Studies in rats have shown that the gut microbiota was significantly affected within a week after feeding simple sugars including a decrease in diversity (16). Common sugars in the diet, such as glucose, fructose, and galactose, are actively absorbed in the small intestine, but the degree of absorption varies with the type of sugar and dose (17, 18). For example, excessive intake of fructose may lead to incompletely digested fructose reaching the colon, where intestinal discomfort and even negative health outcomes due to inappropriate immune response, may result consequently (19, 20). Studies have suggested that high consumption of fructose in the diet could affect the microbial community and lead to an increase in pathogenic bacteria, deterioration of the intestinal barrier function, reduced mucus thickness, and a subsequent increase in translocation of microbiota and increased concentrations of endotoxin in the bloodstream (21, 22). Moreover, consumption of fructose, either in solid or liquid form, has been shown to affect microbiota composition differently (23).
In rodents, chronic intake of galactose is known to cause toxicity due to the accumulation of reactive oxygen species and advanced glycation end products (AGE) (24). Feeding D-galactose to accelerate aging is a well-established animal model (25). In addition, a diet containing 15% galactose has been found to decrease the abundance of Firmicutes, alter the Firmicutes:Bacteroidetes ratio, and decrease the abundance of Clostridium coccoides in rats, compared with diets with 15% glucose or 15% fructose (26). D-galactose-induced aging has been shown to modulate gut microbiota composition significantly at the phylum level in rats (27–29).
A high-fiber diet may provide beneficial health effects through stimulation of the growth of specific gut microbiota (30–33). Prebiotic fiber types, such as fermentable fructooligosaccharides (FOS) and inulin, have consistently been shown to increase the abundance of Bifidobacterium and lactic acid bacteria (LAB) in the large intestine. They have also been shown to suppress the growth of pathogenic bacteria that may result in endotoxemia, and could thereby provide a positive effect on gut barrier integrity and lower sub-clinical systemic inflammatory responses (34, 35). A high intake of fermentable dietary fiber increases the production of short-chain fatty acids (SCFA), whereas reduced production of SCFA has been reported at a low intake of fermentable dietary fiber (36). SCFA, that is, acetate, propionate, and butyrate, modulate the secretion of hormones, insulin sensitivity, and immune responses (37, 38). Low intake of dietary fiber and high intake of sugar are believed to have detrimental effects on microbial diversity and human health (39, 40).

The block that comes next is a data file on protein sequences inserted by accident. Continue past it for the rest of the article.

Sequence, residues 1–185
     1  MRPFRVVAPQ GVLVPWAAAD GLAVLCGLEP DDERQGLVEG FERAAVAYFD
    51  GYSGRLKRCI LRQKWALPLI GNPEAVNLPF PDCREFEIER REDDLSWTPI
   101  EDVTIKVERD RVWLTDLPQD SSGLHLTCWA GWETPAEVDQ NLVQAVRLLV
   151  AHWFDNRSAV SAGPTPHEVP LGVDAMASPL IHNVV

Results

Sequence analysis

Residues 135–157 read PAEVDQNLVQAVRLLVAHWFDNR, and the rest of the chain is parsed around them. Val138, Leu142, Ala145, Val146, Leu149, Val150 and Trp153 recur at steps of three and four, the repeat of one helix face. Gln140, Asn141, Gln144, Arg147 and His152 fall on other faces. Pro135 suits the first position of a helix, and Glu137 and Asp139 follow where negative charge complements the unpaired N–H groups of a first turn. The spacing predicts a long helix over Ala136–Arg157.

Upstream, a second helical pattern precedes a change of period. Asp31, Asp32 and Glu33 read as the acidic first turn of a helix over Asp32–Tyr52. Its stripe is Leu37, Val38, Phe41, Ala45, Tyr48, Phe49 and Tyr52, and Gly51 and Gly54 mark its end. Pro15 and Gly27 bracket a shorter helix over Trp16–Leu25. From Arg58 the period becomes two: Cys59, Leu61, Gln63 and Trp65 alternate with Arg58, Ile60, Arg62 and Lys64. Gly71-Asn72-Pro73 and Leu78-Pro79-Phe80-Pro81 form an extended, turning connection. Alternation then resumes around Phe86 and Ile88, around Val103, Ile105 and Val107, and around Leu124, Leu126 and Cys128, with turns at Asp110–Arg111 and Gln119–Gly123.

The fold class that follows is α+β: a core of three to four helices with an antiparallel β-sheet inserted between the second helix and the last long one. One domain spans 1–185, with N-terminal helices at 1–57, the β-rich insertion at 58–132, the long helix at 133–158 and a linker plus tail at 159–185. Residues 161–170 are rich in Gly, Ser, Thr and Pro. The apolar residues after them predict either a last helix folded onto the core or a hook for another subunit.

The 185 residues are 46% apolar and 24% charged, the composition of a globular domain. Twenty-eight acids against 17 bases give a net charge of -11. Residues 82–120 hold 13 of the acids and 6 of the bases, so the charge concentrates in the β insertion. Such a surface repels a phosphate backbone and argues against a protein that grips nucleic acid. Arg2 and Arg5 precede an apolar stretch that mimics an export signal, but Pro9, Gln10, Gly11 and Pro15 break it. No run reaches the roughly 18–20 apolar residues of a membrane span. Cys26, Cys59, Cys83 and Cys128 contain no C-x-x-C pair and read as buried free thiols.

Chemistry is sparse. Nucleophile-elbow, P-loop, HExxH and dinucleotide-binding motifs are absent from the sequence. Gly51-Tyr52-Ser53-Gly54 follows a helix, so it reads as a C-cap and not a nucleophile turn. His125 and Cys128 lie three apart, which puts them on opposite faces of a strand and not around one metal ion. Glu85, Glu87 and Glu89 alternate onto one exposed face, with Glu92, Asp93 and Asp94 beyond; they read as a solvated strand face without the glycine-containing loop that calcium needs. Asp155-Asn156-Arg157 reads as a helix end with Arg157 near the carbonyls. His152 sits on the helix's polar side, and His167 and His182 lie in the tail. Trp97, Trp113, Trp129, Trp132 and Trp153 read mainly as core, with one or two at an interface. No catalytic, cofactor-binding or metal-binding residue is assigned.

The main hypothesis tested in this study was that a high intake of simple sugars, such as fructose or galactose, causes malabsorption in the small intestine so that excess sugars reach the large intestine, causing unfavorable alterations in gut microbiota composition and activity (12, 41, 42). A second hypothesis tested was that fermentable dietary fiber, such as FOS, counteracts these adverse effects of simple sugars through modulation of the gut microbiota (43). We, therefore, investigated the impact of diets high in fructose or galactose on gut microbiota composition and examined whether simultaneous administration of FOS could mitigate the potential adverse effects of the simple sugars over a 12-week intervention. We also assessed associations between gut microbiota diversity, metabolic factors, and inflammation and gut permeability biomarkers.
Animals and diets
Samples and data from a previous 12-week rat study, where we investigated the metabolic effects of high sugar diets with and without the addition of FOS, were used for the investigations in the present study (44). The estimated number of animals per group was six, to differentiate an assumed effect of 30% difference (100 vs. 140 units) between treatments and control. A standard deviation of 15 units in 12 comparisons provides a p < 0.001 and power of 0.9. In brief, healthy male Sprague–Dawley rats (n = 90) were purchased from Janvier Labs at age 7 weeks with an initial body weight of 250–274 g and were randomly assigned to one of seven diet groups (n = 12 per group) as follows: (1) fructose, (2) fructose+FOS, (3) galactose, (4) galactose+FOS, (5) starch (control), (6) starch+FOS, and (7) starch+olive (negative control), and one baseline group (n = 6) sacrificed before the commencement of the feeding trial. Six out of 12 rats in each group were sacrificed at the end of week 6 and the other six at the end of week 12. The animal experiment (trial no. V 351/18 BC) was approved by the Regional Council Stuttgart (Baden-Württemberg, Germany) ethics committee. All animal procedures were carried out in accordance with the Federation of European Laboratory Animal Science Association (FELASA) guidelines for the care and use of laboratory animals. The animal studies are reported in accordance and compliance with the ARRIVE guidelines (45).